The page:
As I was trying to explain quantitative easing – again – to an analyst this morning, a rather odd thought occurred to me. The fallout from the Chancellor’s smash-and-grab on the Bank of England’s quantitative easing (QE) program has continued, with many economists pointing out that the Treasury has now damaged the independence and credibility of the Old Lady. But could there potentially be a bigger concern: in particular, might George Osborne have just broken European law?
When the single currency was established, and the Maastricht and subsequently Lisbon treaties were laid down, politicians were generally in agreement about one particular thing. Most countries were envious of the Bundesbank’s policymaking formula, and readily signed up to one of its key credos – that it is illegal for central banks to directly finance governments, whether they are in the euro or not.
In the appropriate protocol to the Lisbon treaty, the relevant text is as follows:
‘Overdrafts or any other type of credit facility with the ECB or with the national central banks in favour of … central governments, regional, local or other public authorities, other bodies governed by public law, or public undertakings of Member States shall be prohibited, as shall the purchase directly from them by the ECB or national central banks of debt instruments.’
The BoE got around the last clause – the purchase of debt instruments – right at the start of its QE programme. Instead of buying bonds from the government, the BoE lets the UK debt office sell the bonds to private sector investors first. It waits about two weeks. And then it can buy the bonds from the same investors that the debt office sold them to. Two weeks is all it takes, apparently. There are many recorded instances of investors buying UK government bonds at auctions, waiting that time, and then selling them straight back to the BoE, making easy money.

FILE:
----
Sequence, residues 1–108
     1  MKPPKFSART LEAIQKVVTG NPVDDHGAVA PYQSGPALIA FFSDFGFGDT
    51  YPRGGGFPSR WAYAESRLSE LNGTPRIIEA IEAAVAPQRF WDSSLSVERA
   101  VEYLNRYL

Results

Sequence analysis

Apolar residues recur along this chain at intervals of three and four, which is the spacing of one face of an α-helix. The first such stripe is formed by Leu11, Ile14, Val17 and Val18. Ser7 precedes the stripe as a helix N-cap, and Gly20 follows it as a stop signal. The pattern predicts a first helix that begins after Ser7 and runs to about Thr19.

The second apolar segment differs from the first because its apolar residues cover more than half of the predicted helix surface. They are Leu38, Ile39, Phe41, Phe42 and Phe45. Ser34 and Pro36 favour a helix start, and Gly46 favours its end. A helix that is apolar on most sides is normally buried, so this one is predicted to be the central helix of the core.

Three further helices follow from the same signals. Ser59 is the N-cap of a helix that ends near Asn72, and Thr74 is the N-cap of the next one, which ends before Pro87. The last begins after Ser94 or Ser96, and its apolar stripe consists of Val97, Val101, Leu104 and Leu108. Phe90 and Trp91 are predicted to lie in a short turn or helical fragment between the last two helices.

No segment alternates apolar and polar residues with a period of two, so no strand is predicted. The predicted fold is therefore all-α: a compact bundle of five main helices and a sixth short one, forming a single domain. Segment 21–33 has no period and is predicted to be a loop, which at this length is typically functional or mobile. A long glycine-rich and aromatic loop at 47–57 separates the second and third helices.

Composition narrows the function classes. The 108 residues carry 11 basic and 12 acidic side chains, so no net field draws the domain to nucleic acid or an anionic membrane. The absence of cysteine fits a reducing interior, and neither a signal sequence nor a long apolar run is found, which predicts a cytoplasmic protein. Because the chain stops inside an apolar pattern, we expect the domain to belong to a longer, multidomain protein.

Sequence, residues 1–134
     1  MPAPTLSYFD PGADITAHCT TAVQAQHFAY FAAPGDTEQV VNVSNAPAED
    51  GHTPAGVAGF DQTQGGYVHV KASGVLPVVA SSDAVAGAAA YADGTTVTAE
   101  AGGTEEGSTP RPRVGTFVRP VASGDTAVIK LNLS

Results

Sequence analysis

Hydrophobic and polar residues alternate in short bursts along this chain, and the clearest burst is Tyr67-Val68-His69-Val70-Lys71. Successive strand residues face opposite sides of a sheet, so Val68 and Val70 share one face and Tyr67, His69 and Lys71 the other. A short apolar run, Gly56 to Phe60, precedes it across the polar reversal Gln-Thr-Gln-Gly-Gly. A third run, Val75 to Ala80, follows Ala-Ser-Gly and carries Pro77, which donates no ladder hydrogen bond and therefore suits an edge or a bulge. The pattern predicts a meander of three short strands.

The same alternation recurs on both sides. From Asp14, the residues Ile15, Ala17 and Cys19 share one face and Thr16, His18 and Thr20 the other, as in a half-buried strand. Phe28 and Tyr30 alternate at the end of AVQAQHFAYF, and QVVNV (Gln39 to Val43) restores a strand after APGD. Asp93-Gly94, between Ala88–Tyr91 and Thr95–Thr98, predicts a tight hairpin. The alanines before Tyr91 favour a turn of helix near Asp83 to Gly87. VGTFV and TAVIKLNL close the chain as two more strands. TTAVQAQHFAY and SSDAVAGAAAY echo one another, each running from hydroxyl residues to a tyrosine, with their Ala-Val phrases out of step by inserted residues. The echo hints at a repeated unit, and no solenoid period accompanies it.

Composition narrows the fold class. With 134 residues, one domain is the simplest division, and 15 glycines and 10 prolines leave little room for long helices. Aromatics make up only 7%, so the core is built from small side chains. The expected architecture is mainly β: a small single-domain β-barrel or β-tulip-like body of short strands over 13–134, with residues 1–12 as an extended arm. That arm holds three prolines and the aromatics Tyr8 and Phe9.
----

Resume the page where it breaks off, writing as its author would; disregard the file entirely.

The grab on the QE profits (the passing of Gilt coupons from the BoE back to the Treasury) is certainly not bond buying, so that is fine. But it can easily be argued that it is a form of credit facility. By pinching the money from the BoE now, the Treasury knows that it will eventually have to refund the BoE – ie, put the money back. That sounds a lot like temporarily borrowing money to me – using the funds to lower the amount of debt the government has to issue now, at the same time as raising future borrowing requirements and issuance levels to pay the BoE back. The fact that this arrangement has not been formalised doesn’t matter – if I borrow Â£20 from my friend, that is still a credit facility, albeit a very small one.
This raises an intriguing prospect – has George Osborne just broken European law? To be fair, I am not a lawyer, so I don’t know. But at the very least I suspect someone could cause a lot of hassle by trying to get to the bottom of this.
Fortunately, the UK is not quite Germany – there is no constitutional court where angry academic professors can bring lawsuits against the central bank or the Treasury. But, under European law, someone could bring a case against the UK to the European Court of Justice, on the grounds set out above. We would probably question the motives for doing so, and bemoan the lack of understanding about the UK’s particular circumstances (we need the BoE to buy gilts so no one else has to!). But European law is not an emotional or – unless explicitly stated – country-specific beast. Osborne could be sailing very close to the wind.